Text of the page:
Similarly as with the 806 probably due to a shortage of movements Breitling also made a small number of Cosmonautes using a modified Valjoux 7736.

Breitling Navitimer – 4th Edition

Many changes were made to the Navitimer between 1971 and 1974, internally the highly regarded Venus 178 movement was replaced with a Valjoux 7740, whilst on the outside the registers grew to their largest size. Many watch connoisseurs feel that after these changes it was no longer a genuine Navitimer, although a lot of people find it more attractive than the genuine 806 Navitimer due to the larger registers.

Breitling Navitimer Chrono-matic (1970)

Breitling Navitimer Chrono-matic (1970)

Breitling Navitimer – Conclusion

Breitlings Navitimer is unlikely to be surpassed as their most famous watch, and despite various modifications over the years its remained very similar in design to the original.

While most people will have no use for the slide rule function and since cockpits went digital its application for pilots declined. It can still be of use to pilots though as they do still need to understand how to make the type of analogue flight calculations that the Navitimer provides though in case of cockpit electronics failure.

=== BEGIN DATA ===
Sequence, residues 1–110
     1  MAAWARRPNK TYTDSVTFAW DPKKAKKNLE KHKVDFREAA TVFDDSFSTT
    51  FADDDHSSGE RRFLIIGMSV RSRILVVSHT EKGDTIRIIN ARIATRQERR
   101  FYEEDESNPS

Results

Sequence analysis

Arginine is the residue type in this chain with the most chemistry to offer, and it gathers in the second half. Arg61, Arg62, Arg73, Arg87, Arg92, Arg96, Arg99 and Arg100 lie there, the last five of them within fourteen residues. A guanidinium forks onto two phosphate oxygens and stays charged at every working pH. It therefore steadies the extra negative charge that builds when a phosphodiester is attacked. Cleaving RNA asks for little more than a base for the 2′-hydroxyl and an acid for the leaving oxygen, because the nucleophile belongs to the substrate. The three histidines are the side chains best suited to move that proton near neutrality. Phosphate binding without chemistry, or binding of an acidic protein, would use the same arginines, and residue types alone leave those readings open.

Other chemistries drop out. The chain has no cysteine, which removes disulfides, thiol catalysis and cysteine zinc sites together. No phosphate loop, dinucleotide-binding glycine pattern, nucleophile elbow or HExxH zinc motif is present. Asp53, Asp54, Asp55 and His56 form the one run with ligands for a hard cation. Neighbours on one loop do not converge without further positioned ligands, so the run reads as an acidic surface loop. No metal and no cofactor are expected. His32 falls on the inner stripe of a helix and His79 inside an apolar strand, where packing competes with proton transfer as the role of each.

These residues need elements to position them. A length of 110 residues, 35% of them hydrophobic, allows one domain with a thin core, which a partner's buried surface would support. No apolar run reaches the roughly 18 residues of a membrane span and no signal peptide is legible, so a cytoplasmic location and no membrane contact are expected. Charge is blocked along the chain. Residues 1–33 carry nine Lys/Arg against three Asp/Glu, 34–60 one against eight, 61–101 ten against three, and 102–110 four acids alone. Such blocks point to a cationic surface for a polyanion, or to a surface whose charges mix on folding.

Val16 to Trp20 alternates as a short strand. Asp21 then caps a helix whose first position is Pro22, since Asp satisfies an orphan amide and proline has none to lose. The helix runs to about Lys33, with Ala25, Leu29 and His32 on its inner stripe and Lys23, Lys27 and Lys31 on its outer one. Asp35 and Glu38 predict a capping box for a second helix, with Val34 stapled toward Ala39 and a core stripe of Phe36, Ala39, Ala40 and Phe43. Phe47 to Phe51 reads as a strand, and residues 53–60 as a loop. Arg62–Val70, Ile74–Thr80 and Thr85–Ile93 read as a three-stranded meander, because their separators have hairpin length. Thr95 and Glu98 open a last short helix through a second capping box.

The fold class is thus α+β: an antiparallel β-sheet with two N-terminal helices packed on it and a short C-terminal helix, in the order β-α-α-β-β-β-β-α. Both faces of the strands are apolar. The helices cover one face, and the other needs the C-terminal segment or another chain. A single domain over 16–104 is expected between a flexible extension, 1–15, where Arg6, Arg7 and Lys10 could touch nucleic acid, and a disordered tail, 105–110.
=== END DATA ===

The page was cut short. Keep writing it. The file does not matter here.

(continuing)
As to current models, for the first time In 2012 Breitling released the Navitimer with an in-house Breitling B01 movement and in 2014 an extra large 46mm version was released which featured an exhibition case back to view the Calibre 01 movement. All modern Navitimers are COSC certified and offer the opportunity to own a legendary watch.

    Author Bio

    Articles by Matthew Boston


    Matthew Boston has worked in the computer graphics industry for 17 years in various parts of the world, currently residing back home in the UK. His interest in watches was first piqued as a youngster when he was fascinated by a Seiko digital watch he received. He's also founder of UniqueWatchGuide which is dedicated to sharing the news about timepieces that are unusual, unconventional and more often than not unobtainable.